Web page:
CP: So gas in general isn't part of the business. And if I tell you what do we think in Chevron, we really think that we have this big traditional business, oil and gas. We're growing that traditional business and we're doing that because we see the world needs more energy in the future. But at the same time, critically, we're trying to reduce the carbon intensity of it. So our view is the world needs more energy, we need to provide it, but the world also wants lower carbon intensity. At the same time, we're trying to grow a fast-growing [Chevron] New Energies business. And for us, our new energy businesses, [includes] renewable fuels, hydrogen, carbon capture, offsets and the things that we call emerging like geothermal. So we try and claim both of those spaces. So gas is in part of that and we're trying to grow it and also we're trying to reduce the carbon intensity of it.

JB: Just to get in the weeds a little bit on the midstream shipping aspects, can I get you to talk about just how complicated things are getting in terms of trade routes and logistics, especially in the aftermath of everything going on with Russia and Ukraine?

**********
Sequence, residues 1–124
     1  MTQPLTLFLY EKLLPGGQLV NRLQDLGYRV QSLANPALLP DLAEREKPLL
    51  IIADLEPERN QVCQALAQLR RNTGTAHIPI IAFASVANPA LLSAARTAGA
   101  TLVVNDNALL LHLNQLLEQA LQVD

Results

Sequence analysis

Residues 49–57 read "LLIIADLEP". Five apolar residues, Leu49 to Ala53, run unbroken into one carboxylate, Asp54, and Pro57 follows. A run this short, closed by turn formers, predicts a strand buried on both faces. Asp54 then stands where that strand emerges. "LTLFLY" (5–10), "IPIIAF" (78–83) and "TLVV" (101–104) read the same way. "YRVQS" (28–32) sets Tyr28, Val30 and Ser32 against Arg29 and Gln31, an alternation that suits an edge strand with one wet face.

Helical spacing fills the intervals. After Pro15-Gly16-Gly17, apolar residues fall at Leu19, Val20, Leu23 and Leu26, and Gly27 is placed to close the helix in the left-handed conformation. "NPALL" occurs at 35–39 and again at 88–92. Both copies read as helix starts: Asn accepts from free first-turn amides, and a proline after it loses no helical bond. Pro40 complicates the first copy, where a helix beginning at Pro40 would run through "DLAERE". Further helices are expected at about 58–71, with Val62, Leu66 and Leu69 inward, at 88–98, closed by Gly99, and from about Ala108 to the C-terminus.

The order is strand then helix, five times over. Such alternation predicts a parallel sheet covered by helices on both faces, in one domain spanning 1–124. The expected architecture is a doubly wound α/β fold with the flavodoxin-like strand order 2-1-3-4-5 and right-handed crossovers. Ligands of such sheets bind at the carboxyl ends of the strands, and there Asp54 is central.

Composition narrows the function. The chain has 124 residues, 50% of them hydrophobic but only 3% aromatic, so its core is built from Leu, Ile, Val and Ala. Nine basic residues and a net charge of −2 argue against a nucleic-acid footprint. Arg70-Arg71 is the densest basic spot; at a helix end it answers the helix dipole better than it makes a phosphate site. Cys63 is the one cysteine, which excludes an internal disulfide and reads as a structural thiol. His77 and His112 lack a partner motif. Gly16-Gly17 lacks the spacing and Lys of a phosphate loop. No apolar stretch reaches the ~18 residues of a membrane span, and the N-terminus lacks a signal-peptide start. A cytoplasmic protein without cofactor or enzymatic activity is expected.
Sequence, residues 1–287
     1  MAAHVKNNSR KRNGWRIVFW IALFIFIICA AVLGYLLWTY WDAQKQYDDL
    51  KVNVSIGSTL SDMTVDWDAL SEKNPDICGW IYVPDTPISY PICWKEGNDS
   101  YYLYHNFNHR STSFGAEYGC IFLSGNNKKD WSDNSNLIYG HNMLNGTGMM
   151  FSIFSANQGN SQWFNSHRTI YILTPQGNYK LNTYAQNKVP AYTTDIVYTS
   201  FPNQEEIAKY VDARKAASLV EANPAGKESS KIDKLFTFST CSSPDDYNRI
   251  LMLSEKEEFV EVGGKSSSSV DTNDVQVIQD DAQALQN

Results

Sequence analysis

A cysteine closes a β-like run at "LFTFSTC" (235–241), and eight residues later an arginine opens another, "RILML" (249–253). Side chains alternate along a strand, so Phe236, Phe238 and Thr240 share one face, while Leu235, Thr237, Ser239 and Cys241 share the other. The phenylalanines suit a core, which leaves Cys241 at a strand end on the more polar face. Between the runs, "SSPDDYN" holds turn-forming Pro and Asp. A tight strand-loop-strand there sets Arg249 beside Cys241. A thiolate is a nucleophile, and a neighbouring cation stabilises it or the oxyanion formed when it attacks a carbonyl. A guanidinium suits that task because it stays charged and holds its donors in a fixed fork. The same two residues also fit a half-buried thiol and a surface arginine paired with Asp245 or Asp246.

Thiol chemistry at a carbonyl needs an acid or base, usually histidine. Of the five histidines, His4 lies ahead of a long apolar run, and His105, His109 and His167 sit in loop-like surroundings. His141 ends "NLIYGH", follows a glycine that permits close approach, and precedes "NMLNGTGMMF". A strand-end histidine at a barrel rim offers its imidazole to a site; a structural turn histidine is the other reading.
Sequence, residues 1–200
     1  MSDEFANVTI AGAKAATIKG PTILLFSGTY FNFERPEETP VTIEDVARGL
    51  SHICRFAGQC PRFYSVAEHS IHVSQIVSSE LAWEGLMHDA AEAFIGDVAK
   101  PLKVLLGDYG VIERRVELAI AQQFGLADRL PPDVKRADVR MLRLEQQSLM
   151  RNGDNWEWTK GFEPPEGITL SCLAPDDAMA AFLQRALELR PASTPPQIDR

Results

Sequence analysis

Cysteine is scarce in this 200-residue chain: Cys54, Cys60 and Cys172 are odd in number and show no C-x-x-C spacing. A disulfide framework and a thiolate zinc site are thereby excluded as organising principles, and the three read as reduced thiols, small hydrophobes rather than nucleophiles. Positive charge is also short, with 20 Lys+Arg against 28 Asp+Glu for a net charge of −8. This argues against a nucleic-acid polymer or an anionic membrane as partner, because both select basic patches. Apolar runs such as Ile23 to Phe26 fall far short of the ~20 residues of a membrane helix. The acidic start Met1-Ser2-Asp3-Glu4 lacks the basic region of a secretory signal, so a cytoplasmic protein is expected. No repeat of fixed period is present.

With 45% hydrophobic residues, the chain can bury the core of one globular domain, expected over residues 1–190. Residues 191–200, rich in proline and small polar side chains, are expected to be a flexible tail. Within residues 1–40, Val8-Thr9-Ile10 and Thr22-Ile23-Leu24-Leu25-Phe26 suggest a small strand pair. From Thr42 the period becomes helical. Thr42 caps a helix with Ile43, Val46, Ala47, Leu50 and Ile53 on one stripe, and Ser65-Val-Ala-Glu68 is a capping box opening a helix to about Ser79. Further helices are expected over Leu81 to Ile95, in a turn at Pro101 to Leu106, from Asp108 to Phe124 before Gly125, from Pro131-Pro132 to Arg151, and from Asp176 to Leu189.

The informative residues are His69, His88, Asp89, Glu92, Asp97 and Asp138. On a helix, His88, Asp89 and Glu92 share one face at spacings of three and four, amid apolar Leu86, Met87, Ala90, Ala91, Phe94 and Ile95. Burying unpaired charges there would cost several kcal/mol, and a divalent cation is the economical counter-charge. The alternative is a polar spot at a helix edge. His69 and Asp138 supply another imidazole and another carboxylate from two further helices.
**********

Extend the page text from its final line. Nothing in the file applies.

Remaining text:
CP: It's a really interesting world from a geopolitics perspective. So if you talk about Russia and Ukraine, maybe I'll give you two different thoughts on geopolitics. Post Russia and Ukraine, we've really seen trade flows change. And so Europe bought 40% of its gas from Russia. With that pipeline flow of gas stopping, that's caused trade flows to change. So when we talk about LNG, a lot of the U.S. LNG is now headed to Europe. We've also seen change in commodity flows like crude oil. So Russian crude oil used to go to Europe. It now predominantly goes to India and China and then Europe has backfilled that by taking grades like WTI, which is U.S. crude and bringing it to Europe. So we've seen trade flows change. Then the other geopolitical issue we have at the moment is trade routes can become a bit challenging. For example, the Red Sea where we have the Houthi shooting of vessels, so that causes vessels not to go through the sewers, canal and the Red Sea and to go round Africa, [which causes] longer freight times and higher freight costs. So there is a lot in geopolitics that really impacts trade flows.